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YOKOSUKA NAVAL BASE, Japan — Life started to return to normal Sunday for still-wary U.S. servicemembers and their families at most military bases throughout Japan, even as Japanese officials acknowledged Friday’s disaster may be exponentially worse than initially feared.

Meanwhile, assorted U.S. military personnel and equipment started to arrive to assist the millions of people still reeling from the 9.0-magnitude earthquake and subsequent tsunamis, even as a new threat emerged. At least 12 people have tested positive for radiation exposure in the area surrounding two nuclear power plants, where one of the reactors was in danger of a partial meltdown and radiation leak.

Officials said more than 1,400 are dead and more than 700 are listed as missing. However, the police chief of Miyagi prefecture — one of the hardest hit areas of the country — has told disaster relief officials he expects the death toll in his prefecture alone to eventually top 10,000, a police spokesman told The Associated Press.

At Misawa Air Base, the closest U.S. military base to the devastation, lights began flickering to life Sunday night. The base lost power and heat in the wake of the earthquake; it was the hardest hit of U.S. installations in Japan.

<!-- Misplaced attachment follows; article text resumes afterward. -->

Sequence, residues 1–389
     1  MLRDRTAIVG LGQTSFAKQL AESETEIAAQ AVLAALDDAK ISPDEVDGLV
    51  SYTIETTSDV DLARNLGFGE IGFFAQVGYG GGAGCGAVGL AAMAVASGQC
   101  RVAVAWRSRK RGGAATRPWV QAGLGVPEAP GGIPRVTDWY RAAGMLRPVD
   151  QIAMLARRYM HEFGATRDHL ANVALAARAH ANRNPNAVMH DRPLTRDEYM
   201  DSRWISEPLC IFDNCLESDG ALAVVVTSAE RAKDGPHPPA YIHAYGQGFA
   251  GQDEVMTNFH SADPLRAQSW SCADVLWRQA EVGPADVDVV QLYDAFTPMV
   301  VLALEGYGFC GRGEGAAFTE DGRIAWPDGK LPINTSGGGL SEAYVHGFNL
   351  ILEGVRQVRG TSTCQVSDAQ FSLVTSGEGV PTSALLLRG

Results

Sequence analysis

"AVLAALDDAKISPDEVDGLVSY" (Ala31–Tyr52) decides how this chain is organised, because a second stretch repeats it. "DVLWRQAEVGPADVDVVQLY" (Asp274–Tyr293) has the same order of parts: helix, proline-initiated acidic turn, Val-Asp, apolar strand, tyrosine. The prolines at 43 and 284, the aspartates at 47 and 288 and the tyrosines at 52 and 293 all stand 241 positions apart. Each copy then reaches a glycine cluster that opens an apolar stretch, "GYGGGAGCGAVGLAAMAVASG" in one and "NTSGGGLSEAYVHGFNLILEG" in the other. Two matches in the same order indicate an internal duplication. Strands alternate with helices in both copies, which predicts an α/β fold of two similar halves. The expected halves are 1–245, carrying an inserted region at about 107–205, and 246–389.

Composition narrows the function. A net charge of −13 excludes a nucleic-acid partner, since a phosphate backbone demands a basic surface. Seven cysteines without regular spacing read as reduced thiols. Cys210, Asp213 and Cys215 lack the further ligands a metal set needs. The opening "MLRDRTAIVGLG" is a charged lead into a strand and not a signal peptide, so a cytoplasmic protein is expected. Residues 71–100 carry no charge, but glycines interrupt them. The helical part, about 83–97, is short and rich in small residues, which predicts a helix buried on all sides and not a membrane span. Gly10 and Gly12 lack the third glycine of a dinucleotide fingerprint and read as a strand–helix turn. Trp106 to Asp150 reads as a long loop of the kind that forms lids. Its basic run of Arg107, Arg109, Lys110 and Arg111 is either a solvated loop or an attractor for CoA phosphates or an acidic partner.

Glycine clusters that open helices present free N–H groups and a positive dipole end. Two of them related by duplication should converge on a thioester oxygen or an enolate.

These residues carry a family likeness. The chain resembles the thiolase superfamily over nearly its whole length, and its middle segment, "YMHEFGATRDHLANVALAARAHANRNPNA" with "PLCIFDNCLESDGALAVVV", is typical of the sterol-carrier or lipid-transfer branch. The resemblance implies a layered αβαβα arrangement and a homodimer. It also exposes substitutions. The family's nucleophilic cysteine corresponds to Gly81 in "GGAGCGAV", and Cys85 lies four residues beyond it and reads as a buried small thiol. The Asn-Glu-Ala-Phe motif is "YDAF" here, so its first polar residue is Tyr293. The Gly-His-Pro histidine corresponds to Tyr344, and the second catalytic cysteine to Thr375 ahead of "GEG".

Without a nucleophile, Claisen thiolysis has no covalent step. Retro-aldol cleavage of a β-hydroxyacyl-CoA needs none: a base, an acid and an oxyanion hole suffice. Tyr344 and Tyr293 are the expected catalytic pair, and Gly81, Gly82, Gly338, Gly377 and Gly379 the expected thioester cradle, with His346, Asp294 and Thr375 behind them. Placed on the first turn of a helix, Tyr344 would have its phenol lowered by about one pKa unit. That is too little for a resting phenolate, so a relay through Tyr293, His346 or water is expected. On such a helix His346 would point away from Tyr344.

Workers from Tohoku Power and the base were working to restore power but warned of intermittent outages even after the first power restorations, according to command statements. Japanese officials rescinded a boil-water order, meaning the water on base is now safe to drink.

Misawa schools will be closed Monday and Tuesday, according to Pacific schools spokesman Charles Hoff. All other base schools in mainland Japan and Okinawa plan on having normal school days, Hoff said. Any changes would be broadcast on AFN, he added.

Navy installations around Japan said that business would continue as usual Monday.

“I expect it will be everyone at work and ... everything open as normal on our installations,” said Cmdr. Ron Steiner, spokesman for Commander Naval Forces Japan.

What lies ahead

Despite the progress, families living at the greater Tokyo area’s military bases remain concerned about what lies ahead.

Among the thousands of family members living at military bases in the area was Erin Wieder, of Allentown, Pa.